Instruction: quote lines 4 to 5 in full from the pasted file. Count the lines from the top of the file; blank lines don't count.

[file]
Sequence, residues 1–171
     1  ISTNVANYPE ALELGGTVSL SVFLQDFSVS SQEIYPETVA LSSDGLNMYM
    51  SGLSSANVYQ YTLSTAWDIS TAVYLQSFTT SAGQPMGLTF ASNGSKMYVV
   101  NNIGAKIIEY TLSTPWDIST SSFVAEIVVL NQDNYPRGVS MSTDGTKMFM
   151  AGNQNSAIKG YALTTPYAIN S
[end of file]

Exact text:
   101  NNIGAKIIEY TLSTPWDIST SSFVAEIVVL NQDNYPRGVS MSTDGTKMFM
   151  AGNQNSAIKG YALTTPYAIN S